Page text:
I love Google Docs. I use it all the time for just about everything from writing articles to formatting ebooks.
But when working on ebooks, I always had to download them into Open Office before exporting them as PDFs to add page numbers in the footer.
Then someone sent me link to their Google Doc file to help them with, and when I PDFed it to print out, IT HAD PAGE NUMBERS! Ok, maybe you’re not as excited as I was, but it really doesn’t take much to make me giddy.
I figured I had missed a menu item, so I wasted an inordinate amount of time looking for anything in the menu system of Google Docs that might add a page number.
No luck. But then under the edit menu, I unexpectedly hit upon the answer. I clicked on Edit HTML and scrolled down to the bottom of the document, and there it was… span tags that will magically add page numbers, and/or a total page count to each page of your PDF when it’s exported.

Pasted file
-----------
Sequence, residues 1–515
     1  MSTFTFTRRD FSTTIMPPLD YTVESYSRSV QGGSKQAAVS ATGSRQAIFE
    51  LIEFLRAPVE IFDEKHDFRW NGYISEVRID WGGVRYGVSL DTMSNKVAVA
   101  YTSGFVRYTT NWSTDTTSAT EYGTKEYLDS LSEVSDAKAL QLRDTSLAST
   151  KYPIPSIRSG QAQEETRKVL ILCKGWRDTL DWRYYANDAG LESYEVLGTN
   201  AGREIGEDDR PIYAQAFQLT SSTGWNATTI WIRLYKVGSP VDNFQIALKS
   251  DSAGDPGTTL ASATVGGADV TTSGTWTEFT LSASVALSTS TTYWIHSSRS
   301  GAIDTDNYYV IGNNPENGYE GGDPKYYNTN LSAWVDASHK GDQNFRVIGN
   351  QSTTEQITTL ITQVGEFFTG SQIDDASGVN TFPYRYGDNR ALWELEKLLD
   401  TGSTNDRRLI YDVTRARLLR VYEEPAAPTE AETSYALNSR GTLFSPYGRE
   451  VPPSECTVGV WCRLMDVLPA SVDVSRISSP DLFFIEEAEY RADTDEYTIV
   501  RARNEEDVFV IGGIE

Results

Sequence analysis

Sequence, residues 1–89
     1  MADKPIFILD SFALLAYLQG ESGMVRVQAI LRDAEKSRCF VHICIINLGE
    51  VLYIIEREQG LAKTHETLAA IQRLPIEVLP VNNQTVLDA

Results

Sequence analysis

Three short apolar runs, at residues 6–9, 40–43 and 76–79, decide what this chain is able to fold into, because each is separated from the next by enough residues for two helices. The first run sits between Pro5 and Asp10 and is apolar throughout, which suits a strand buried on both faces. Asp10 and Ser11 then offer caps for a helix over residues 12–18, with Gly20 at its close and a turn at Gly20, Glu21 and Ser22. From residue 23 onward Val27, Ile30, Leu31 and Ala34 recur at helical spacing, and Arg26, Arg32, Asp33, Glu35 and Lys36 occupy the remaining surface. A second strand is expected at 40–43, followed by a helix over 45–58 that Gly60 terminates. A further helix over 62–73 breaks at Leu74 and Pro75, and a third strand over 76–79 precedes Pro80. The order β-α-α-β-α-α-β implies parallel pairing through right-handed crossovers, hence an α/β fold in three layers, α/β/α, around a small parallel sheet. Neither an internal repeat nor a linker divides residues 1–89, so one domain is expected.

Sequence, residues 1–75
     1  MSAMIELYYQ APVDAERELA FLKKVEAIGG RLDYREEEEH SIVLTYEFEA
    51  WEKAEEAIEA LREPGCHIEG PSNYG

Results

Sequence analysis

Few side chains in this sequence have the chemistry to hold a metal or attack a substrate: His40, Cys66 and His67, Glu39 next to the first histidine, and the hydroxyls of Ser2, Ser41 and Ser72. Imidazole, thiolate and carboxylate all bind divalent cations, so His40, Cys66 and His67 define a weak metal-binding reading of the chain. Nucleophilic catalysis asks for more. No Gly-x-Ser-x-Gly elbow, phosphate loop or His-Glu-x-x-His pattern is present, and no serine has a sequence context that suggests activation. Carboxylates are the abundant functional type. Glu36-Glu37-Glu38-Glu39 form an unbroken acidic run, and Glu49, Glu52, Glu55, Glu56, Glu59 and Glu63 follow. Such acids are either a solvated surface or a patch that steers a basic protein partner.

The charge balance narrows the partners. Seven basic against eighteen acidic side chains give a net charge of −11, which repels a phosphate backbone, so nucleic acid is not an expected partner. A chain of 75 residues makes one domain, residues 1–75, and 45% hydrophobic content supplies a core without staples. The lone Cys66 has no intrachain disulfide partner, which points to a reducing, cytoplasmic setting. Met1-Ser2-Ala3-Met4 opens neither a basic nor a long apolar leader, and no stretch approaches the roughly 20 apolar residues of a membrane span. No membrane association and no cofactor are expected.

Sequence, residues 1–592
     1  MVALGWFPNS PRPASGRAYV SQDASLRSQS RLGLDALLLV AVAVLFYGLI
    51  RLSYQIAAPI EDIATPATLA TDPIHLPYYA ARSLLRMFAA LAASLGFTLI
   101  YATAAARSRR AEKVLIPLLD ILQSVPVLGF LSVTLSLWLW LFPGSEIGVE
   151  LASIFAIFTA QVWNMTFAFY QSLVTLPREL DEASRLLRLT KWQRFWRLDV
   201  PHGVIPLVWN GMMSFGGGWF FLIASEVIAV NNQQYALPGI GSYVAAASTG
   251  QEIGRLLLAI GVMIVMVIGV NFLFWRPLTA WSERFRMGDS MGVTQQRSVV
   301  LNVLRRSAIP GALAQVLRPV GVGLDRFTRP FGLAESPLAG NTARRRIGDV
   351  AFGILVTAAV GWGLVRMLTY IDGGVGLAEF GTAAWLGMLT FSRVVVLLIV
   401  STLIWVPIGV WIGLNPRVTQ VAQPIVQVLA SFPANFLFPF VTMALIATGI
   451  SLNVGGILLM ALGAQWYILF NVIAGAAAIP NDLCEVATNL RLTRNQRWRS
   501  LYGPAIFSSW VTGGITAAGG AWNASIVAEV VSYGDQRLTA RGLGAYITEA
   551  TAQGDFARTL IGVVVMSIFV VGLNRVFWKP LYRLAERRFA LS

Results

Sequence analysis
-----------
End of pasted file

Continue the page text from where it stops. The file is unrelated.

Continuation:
Inside the DIV tag with the class=google_footer you can include one or both of these tags:
(which will show the actual page number on your PDF, even though there’s a number 1 inside the tags.)
(which once again needs a 1 there in the document, but will actually show how many pages are in your document when it’s exported as a PDF.
So, if you wanted to add Page 5 of 150, for example, in your footer, you would add :
Page <span class=”google_pagenumber”>1</span> of <span class=”google_pagecount”>1</span>
in the footer.
While your fiddling with the HTML anyway, you can style the footer Div with a border-top or background color, or other neato stuff.
I used Google Docs to create the entire PDF I’m giving away as a newsletter signup bonus at PublishingCentral.com
The page numbers showed up great. Now if only I could get the TOC to work reliably, I’d love Google forever.